Joseph Hee won for the third year in succession and Charlotte Bardsley defended her title at the Butterfly School Individual Championships in Wolverhampton.

With more than 300 players in action on 32 tables, it was a busy day of action in four age groups, with boys and girls’ titles decided.

As well as Hee, Jakub Piwowar, Connor Green and Ethan Walsh won the boys’ competitions. Alongside Bardsley, the girls’ champions were Sienna Jetha, Maliha Baig and Sandy Choong.

All photos by Michael Loveder – click here to see more on our Flickr page

Under-11 Boys

The under-11 boys medallists with Table Tennis England Schools Committee Chairman Mike Smith

The top two seeds met in the final and it went with seeding as Jakub Piwowar beat Joseph Cooper 3-0 (11-5, 14-12, 11-7).

The two bronze medallists were Ben Mold – who was defeated 3-0 (4, 7, 6) by Piwowar – and Francesco Bonato, who led Cooper 2-0 but saw his opponent fight back to take it 3-2 (9-11, 8-11, 11-8, 11-9, 11-6).

Cooper also had to go to five games in the last 16 before coming through 3-2 (11-6, 9-11, 11-8, 8-11, 11-8) against Max Radiven.

Piwowar’s closest match, and the only one in which he dropped a game, was in the quarters against Sam Davies, which he won 3-1.

The champion, who attends Our Lady of the Angels Primary in Torquay, said: “I’m happy because I didn’t finish second like I did last year. I felt a little bit of pressure but I had to forget I was the first seed and just keep playing my game.”

Under-11 Girls

The under-11 medallists with Mike Smith

Top seed Sienna Jetha defeated third seed Jessica Morris 3-0 (11-6, 12-10, 11-0) to win the title without dropping a set.

The bronze medallists were Mia Longman, who was beaten 3-0 (11-4, 11-4, 11-7) by Jetha, and Salina Solari, who lost 3-1 (11-3, 10-12, 11-6, 11-7) to Morris.

Morris had a good struggle with Gypsie Kay in the quarter-finals, getting through 3-1 (13-11, 11-9, 9-11, 16-14).

Winner Jetha, who attends Aldenham School in Hertfordshire, said: “It was good to win. I was confident at the beginning but it got harder as the day went on.

“My mum and dad were supporting me and I had good motivation.”

Under-13 Boys

The medallists with John Arnold MBE, former President of ESTTA

Connor Green won his second individual title after picking up the Under-11s two years ago, as he beat Todd Stanmore 3-0 (11-6, 11-7, 11-8) in the final.

Top seed Green, representing Charles Read Academy in Lincolnshire, dropped his only game of the tournament in the semi-final, but still came through against Joseph Hunter 3-1 (13-11, 11-7, 7-11, 11-4).

Green said: “In a few matches, especially in the semi-final and final, I was tense, but once I got the first game away, it was pretty good after that.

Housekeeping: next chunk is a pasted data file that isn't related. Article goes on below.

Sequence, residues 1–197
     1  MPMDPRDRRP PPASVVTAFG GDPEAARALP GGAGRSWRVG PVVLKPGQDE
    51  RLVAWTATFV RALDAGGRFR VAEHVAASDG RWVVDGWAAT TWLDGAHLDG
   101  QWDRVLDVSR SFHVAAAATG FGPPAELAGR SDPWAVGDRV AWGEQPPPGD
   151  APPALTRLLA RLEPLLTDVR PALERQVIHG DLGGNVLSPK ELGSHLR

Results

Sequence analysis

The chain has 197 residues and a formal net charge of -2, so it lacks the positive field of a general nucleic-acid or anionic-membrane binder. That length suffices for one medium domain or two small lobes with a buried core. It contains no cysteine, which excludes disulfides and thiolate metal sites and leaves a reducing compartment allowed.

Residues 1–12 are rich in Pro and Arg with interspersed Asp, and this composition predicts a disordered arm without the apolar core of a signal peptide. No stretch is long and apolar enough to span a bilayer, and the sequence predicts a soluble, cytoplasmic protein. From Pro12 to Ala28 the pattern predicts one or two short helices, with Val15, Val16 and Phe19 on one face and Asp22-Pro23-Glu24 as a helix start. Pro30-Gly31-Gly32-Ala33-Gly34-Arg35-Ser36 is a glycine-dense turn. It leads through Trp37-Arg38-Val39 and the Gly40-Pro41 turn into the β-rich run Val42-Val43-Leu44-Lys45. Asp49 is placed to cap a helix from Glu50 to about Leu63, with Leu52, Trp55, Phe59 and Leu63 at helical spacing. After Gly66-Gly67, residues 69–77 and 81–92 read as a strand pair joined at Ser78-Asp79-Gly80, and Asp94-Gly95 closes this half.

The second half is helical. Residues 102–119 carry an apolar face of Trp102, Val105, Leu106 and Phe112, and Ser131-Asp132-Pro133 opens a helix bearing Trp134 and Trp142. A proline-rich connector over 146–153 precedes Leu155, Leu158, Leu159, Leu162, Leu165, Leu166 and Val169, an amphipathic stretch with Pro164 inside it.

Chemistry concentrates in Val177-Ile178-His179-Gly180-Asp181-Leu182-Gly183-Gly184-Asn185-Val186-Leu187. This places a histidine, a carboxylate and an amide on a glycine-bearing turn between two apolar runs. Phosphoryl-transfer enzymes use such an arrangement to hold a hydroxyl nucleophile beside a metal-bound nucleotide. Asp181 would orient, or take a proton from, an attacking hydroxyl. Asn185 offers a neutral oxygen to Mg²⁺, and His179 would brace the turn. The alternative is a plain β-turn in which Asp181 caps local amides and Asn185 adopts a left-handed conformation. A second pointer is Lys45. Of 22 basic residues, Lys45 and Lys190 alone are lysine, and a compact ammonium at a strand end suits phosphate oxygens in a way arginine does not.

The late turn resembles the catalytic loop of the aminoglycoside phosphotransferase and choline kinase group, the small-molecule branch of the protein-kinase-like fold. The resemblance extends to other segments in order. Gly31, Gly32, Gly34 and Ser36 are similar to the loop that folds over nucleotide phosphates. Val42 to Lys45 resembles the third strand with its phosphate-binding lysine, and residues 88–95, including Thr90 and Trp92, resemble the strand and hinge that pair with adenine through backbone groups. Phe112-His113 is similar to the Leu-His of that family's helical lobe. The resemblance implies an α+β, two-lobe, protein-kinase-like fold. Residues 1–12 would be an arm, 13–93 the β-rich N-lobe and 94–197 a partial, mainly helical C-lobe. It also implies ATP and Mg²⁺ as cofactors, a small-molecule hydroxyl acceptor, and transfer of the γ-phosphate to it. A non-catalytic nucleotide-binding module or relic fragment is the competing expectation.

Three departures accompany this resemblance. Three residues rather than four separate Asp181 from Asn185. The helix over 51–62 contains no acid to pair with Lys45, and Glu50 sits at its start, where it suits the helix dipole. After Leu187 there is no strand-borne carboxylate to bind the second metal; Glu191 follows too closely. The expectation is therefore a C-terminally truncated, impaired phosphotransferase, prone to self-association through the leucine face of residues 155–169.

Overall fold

“I’m very happy to win a national title and now I’m excited for the Cadet & Junior Nationals. I’m seeded quite high in the Cadets so I want to get as far as I can, and I’ve got a wildcard in the Juniors, so I can play freely and hopefully win some matches.”

In the other semi-final, Stanmore beat Tom Powlesland, who came through as runner-up in Group G but beat two group winners to reach the last four. However, Stanmore was too strong, winning 5, 6, 7.

In the quarters, Stanmore had been due to face third seed and Under-12 National Cup champion Ollie Maric-Murray. Instead, he was up against Jake Haygarth, who staged a tremendous fightback to beat Maric-Murray 3-2 (4-11, 11-13, 1-6, 11-9, 11-7) in the last 16. Haygarth could not repeat the feat and Stanmore prevailed 5, 6, 7 in that clash as well.

Under-13 Girls

Alan Cooke with the under-13 medallists

Sixth seed Maliha Baig added the title to the gold medal she won at the Under-12 National Cup, defeating second seed Megan Jones 3-0 (11-9, 11-8, 11-8) – snuffing out Jones’ hopes of a comeback when she led the third 7-3.

In the semi-finals, Baig had ended Anna Green’s hopes of emulating her twin brother Connor’s title triumph, defeating the top seed 3-0 (11-3, 11-7, 11-5) in the semi-finals.

In the other semi, Jones beat the third seed Sophie Barcsai 3-1 (11-9, 3-11, 11-6, 11-8).

Earlier, Green had to withstand a comeback by Katie Bates in a quarter-final which had the curious scoreline of 3-2 (11-7, 11-8, 0-11, 10-12, 11-7).

Baig, who attends Eastbury Community School, said: “It was a hard competition and I really didn’t expect to win at all. I thought I would lose in the semi-final and definitely in the final because I’d never beaten Anna or Megan before.”

Under-16 Boys

The medallists with Table Tennis England Technical Director Alan Cooke

Joseph Hee once again chopped down all before him to win the title for the third successive year, justifying his top seeding as he beat second seed Louis Price 3-1 (8-11, 11-1, 11-7, 11-2) in the final.

Hee had come through the draw with few alarms, though sixth seed Rhys Davies took a game off him in the quarter-finals before Hee took it 3-1 11-9, 11-4, 5-11, 12-10). Hee went on to defeat fourth seed Naphong Boonyaprapa 3-0 (11-8, 11-6, 11-6) in the semis.